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The Number Of American Investors Who Want Financial Advice Is Growing (WealthManagement.com)
The number of American investors who are looking for financial advice increased from 24% in 2013 to 35% in 2014, according to the third annual Advice Matters survey.
However, even though the number is rising, the majority of Americans are still not interested in any advice at all.
“Those who aren’t interested in advice may not know what it includes or how valuable it can be,” Eric Jones, senior managing director of advisory solutions at TIAA-CREF told Wealth Management’s Megan Leonhardt.
The major issue for most people with financial advisors is trust. Some 65% of those polled stated that “it’s difficult to know which sources of advice can be trusted”, which is a 16% increase from the 2013 survey. The second most common issue is cost. 44% of respondents believe that “good financial advice will cost more than they can afford.”
Why We Shouldn’t Worry About A Global Economic Slowdown (Blackrock Blog)
There are some signs out there that suggest global growth is slowing. But BlackRock thinks we shouldn’t get too worried. First of all, the majority of global manufacturing surveys suggest that global growth is stable, and there are even indications that it might be growing. The global purchasing managers index (PMI) has remained around 52.5 for the majority of the year, and the services component has “improved recently.”
Secondly, credit spread “remains tight” at the moment. Widening credit spreads are associated with “deteriorating” conditions, and are associated with slower growth. On the flip side, “tight” spread has typically been associated with faster growth.
And finally, industrial metals prices remain “steady.” Blackrock’s Russ Koesterich writes that, “while gold prices have been selling off, prices of industrial metals have been more stable. This is relevant for global growth. Given industrial commodities’ sensitivity to economic activity, increases in their prices tend to have a positive correlation with global growth. Using the Journal of Commerce Index of Industrial Metals as a proxy, industrial metal prices have been holding their own. The index is up around 8% from the spring lows and 7% year over year. On this metric, there is little evidence of a global slowdown.”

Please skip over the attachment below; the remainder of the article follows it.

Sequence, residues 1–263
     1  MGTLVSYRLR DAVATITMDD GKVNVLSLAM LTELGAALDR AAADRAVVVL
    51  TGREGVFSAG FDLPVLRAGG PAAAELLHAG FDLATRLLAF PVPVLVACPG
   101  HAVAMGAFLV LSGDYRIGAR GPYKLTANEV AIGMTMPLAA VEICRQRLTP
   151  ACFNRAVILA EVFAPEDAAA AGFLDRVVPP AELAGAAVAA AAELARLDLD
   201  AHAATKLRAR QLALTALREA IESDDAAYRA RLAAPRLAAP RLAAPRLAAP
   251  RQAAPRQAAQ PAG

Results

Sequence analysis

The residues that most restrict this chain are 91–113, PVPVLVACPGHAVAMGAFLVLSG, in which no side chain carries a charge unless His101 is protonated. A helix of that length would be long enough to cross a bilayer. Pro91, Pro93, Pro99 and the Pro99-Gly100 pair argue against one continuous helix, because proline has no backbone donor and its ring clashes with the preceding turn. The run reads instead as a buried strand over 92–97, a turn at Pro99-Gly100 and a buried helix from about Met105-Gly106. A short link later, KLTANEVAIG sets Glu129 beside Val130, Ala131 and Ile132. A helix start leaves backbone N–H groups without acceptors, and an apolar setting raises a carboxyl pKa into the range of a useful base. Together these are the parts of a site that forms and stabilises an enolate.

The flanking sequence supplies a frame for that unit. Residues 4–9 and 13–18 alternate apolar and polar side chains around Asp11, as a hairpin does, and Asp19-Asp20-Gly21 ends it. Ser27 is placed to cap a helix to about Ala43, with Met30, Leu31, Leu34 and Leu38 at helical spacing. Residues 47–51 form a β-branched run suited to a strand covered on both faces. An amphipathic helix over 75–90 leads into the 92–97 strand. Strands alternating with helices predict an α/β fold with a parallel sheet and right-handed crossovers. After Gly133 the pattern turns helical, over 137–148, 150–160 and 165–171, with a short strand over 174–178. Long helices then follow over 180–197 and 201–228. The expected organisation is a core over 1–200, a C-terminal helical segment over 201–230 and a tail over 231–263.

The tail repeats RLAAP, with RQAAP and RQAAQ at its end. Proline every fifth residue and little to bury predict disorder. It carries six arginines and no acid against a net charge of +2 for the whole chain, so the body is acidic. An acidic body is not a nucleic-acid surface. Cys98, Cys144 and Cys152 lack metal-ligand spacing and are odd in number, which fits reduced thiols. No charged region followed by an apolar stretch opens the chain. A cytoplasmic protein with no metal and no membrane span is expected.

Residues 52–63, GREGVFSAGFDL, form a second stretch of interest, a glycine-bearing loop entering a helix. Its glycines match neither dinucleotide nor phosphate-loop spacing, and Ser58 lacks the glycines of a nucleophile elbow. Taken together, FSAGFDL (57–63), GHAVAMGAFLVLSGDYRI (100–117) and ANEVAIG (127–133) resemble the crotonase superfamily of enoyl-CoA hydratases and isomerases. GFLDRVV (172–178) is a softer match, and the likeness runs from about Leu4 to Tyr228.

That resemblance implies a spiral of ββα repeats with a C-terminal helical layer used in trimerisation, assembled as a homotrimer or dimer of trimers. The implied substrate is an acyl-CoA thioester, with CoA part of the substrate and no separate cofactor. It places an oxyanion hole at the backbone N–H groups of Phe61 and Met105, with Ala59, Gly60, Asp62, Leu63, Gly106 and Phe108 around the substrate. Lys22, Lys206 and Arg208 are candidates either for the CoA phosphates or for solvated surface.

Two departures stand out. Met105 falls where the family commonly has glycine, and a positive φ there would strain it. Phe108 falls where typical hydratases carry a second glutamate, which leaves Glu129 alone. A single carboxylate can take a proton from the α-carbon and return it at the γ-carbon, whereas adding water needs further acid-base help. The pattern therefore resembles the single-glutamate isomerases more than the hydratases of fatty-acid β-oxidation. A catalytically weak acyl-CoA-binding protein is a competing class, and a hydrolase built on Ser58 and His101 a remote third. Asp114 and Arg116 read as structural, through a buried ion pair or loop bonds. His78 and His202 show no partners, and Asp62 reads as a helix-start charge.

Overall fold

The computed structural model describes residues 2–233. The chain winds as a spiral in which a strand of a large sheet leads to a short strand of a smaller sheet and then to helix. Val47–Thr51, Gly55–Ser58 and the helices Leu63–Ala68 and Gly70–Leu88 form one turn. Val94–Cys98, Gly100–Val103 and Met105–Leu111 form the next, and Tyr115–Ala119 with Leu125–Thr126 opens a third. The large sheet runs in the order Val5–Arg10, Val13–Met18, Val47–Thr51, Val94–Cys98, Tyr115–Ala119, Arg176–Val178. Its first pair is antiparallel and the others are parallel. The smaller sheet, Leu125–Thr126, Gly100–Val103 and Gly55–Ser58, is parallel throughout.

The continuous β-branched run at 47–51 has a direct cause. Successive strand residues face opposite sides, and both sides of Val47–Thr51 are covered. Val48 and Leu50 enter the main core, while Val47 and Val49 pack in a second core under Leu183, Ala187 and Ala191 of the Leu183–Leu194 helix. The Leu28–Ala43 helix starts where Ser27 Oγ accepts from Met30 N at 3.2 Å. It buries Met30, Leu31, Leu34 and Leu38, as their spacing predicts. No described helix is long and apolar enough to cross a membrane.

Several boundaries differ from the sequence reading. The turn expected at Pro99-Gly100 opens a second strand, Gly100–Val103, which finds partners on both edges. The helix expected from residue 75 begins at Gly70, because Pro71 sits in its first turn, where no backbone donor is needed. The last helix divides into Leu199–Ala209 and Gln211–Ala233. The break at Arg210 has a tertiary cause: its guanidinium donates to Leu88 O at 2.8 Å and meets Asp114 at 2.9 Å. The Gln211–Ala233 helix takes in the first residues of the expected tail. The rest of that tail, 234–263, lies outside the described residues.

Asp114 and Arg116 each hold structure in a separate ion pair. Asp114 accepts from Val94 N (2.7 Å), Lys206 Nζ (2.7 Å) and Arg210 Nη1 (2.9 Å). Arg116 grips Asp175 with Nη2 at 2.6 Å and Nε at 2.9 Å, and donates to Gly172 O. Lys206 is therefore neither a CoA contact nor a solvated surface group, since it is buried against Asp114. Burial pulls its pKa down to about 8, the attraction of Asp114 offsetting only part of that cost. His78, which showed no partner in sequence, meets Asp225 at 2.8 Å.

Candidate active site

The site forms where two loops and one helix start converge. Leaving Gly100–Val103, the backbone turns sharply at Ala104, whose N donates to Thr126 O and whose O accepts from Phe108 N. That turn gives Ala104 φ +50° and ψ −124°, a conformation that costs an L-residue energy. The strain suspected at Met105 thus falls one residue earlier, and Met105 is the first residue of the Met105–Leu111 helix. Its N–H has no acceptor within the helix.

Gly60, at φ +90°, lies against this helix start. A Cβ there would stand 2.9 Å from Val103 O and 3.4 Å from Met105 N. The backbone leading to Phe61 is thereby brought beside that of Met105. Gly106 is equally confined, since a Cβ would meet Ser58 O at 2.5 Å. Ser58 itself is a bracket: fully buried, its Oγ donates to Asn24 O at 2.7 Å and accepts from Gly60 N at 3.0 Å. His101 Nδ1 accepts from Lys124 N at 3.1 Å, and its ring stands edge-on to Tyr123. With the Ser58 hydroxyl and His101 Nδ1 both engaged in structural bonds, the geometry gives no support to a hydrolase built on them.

Merrill Edge Is Looking To Double Its Advisor Number Over The Next Two Years (Financial Advisor)
Bank of America Merrill Lynch’s dual “online/in-person service for mass-market clients, Merrill Edge, is planning to double its number of financial advisors by the end of 2016,” Aron Levin, the head of Preferred Banking and Merrill Edge Investing, told Ted Knutson.
Right now there are 1,500 Merrill Edge advisors in Bank of America’s retail branch network. This move would increase that number 3,000 — meaning that 60% of Bank of America’s branches would now have a Merrill Edge advisor.
This doubling comes with two goals: first of all, it will provide face-to-face financial support to more clients. And secondly, this will expose clients to BAML and U.S. Trust services “as they attain more assets and their personal wealth grows.”
Merrill Edge was started in 2010, and aims to work with clients who have $US50,000 to $US250,000 in investible assets.
Say Hello To The $US1 Billion Super Ensemble Advisory Firms (Investment News)
The advisor firm landscape is quickly changing. “Rapid growth has created a new type of advisory firm — a large, sophisticated, aggressive, multioffice enterprise with a clear strategy for even more growth”, according to InvestmentNews Financial Research. Namely, the new “Super Ensemble” advisory firm.
Only four years ago, a “Super Ensemble” a firm was considered to be “Super Ensemble” if it had at least $US1 billion in AUM. Nowadays they need to have at least $US10 billion. On average, these firms rake in an annual revenue of $US17 million,.
On top of that, they’re “rapidly growing”, seeing 18.6% growth. They’re closely followed by “Enterprise Ensemble” firms (those between $US5-10 million), which saw 17.5% growth. Even though smaller Enterprise firms and solo firms see the slowest average growth rate, it does not mean that they are unsuccessful.
Even though many investors like the concept of indexing, others think that it’s getting too big. Vanguard’s Chris Philips writes that “there’s always going to be questions out there whenever you see popularity of anything rising,” and cites Apple, Microsoft, and Exxon as examples. He adds that people regard indexing in a similar fashion, and are asking: “is there a tipping point for indexing, and should we be concerned by that?”
Another problem with indexing is that it leads to market inefficiencies. Philips stated that as indexing becomes more popular, “it will lead investors to have portfolios that are more inefficiently managed. And the thinking behind that is that index fund, ETFs, they generally are priced at the day’s close. So they are building up their portfolios. And if a majority of monies are actually passively managed, then the price-discovery process of active managers is marginalized. If that takes place, then, the theory goes, you could actually end up with more inefficiencies in the marketplace, more arbitrage opportunities, poorly priced equities or fixed income investments.”
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